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Lipidomics-based tissue heterogeneity in specimens of luminal breast cancer revealed by clustering analysis of mass spectrometry imaging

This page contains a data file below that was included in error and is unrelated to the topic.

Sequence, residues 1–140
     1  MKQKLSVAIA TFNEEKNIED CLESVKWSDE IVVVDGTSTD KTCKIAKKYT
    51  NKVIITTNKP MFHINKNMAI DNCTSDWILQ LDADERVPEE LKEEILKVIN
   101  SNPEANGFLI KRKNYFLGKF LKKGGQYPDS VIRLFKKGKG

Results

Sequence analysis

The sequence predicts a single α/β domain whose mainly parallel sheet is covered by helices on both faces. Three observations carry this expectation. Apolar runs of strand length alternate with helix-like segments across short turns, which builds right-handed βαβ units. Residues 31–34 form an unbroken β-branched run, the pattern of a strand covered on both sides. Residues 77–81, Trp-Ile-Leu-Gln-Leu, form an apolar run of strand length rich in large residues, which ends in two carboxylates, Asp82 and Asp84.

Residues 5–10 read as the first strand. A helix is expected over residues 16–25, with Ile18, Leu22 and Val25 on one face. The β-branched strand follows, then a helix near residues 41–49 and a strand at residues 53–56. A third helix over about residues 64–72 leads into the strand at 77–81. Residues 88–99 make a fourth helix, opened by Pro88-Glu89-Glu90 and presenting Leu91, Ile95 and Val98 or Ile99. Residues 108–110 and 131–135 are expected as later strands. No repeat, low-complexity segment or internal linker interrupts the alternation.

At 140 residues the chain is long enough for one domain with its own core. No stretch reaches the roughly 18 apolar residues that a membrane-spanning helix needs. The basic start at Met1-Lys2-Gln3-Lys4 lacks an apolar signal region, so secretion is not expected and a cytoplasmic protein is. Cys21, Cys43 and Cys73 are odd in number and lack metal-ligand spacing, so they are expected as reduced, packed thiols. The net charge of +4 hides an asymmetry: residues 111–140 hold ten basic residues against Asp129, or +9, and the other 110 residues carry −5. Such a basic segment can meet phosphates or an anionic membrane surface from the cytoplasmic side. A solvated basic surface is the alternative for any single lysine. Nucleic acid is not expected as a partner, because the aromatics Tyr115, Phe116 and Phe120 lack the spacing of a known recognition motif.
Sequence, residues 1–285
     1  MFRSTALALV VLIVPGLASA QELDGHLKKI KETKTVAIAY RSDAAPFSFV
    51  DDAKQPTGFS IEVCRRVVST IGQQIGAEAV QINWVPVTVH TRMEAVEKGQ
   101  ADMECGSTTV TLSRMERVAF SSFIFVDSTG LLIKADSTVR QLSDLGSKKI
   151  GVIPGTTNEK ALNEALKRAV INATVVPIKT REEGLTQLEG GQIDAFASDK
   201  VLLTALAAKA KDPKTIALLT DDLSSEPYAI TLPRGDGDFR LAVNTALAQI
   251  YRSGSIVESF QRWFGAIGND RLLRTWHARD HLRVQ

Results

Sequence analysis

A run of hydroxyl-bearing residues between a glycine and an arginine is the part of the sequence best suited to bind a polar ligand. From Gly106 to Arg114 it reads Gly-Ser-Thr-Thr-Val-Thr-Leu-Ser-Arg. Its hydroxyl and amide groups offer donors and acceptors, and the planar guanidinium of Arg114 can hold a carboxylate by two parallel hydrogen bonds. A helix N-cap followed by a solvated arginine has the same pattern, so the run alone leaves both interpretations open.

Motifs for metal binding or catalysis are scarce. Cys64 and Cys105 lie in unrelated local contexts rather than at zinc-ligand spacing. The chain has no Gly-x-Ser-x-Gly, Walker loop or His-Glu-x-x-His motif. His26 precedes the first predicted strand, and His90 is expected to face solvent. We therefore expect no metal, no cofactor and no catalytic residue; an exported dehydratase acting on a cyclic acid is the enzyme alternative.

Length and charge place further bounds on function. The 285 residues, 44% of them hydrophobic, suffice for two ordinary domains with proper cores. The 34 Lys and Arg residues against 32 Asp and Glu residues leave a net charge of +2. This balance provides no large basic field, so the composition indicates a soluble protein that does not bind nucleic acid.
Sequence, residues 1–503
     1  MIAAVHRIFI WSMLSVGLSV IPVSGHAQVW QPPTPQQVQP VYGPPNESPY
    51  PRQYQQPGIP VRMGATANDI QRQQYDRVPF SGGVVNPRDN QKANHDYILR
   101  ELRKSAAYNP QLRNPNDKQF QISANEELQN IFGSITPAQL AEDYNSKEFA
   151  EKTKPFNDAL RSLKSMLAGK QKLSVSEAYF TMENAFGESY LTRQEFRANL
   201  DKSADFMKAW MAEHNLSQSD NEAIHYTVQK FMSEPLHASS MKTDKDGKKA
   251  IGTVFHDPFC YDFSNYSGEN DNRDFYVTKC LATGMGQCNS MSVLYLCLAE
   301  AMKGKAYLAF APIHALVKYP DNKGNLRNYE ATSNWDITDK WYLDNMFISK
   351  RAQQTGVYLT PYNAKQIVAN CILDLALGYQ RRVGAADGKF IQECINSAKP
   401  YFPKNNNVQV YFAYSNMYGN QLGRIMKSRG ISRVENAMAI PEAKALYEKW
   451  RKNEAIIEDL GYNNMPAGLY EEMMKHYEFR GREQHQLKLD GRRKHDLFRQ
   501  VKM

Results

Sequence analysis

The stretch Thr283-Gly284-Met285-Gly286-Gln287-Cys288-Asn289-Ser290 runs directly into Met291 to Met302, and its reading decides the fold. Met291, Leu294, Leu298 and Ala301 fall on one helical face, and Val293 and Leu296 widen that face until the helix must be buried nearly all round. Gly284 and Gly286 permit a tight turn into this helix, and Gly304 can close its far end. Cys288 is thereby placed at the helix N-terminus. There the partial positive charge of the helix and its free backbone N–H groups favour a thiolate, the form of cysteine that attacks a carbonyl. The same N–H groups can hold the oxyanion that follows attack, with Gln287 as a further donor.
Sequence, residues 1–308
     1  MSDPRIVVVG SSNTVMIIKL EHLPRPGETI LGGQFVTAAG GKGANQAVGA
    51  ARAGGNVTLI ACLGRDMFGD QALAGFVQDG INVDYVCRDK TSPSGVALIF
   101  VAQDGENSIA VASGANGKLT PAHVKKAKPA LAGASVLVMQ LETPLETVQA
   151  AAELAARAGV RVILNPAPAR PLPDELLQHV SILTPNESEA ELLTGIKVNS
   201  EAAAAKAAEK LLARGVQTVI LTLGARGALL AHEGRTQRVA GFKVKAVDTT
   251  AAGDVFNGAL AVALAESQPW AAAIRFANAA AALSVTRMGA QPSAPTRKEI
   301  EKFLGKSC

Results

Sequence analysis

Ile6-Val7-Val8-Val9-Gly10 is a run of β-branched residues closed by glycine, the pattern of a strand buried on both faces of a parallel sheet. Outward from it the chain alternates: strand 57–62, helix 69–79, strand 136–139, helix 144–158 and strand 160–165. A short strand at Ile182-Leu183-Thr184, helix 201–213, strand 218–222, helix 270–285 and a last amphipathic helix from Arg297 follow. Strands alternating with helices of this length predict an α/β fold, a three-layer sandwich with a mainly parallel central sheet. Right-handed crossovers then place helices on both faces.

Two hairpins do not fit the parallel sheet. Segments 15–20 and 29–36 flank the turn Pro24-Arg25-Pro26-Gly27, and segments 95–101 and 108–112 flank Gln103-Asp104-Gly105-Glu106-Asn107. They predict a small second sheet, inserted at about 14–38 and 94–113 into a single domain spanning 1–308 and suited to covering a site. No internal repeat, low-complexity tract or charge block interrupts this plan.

Cancer tissues reflect a greater number of pathological characteristics of cancer comparedto cancer cells, so the evaluation of cancer tissues can be effective in determining cancertreatment strategies. Mass spectrometry imaging (MSI) can evaluate cancer tissues andeven identify molecules while preserving spatial information. Cluster analysis of cancer tissues’ MSI data is currently used to evaluate the phenotype heterogeneity of the tissues.Interestingly, it has been reported that phenotype heterogeneity does not always coincidewith genotype heterogeneity in HER2-positive breast cancer. We thus investigated the phenotype heterogeneity of luminal breast cancer, which is generally known to have few genemutations. As a result, we identified phenotype heterogeneity based on lipidomics in luminalbreast cancer tissues. Clusters were composed of phosphatidylcholine (PC), triglycerides(TG), phosphatidylethanolamine, sphingomyelin, and ceramide. It was found that mainly theproportion of PC and TG correlated with the proportion of cancer and stroma on HE images.Furthermore, the number of carbons in these lipid class varied from cluster to cluster. Thiswas consistent with the fact that enzymes that synthesize long-chain fatty acids areincreased through cancer metabolism. It was then thought that clusters containing PCs withhigh carbon counts might reflect high malignancy. These results indicate that lipidomicsbased phenotype heterogeneity could potentially be used to classify cancer for whichgenetic analysis alone is insufficient for classification.

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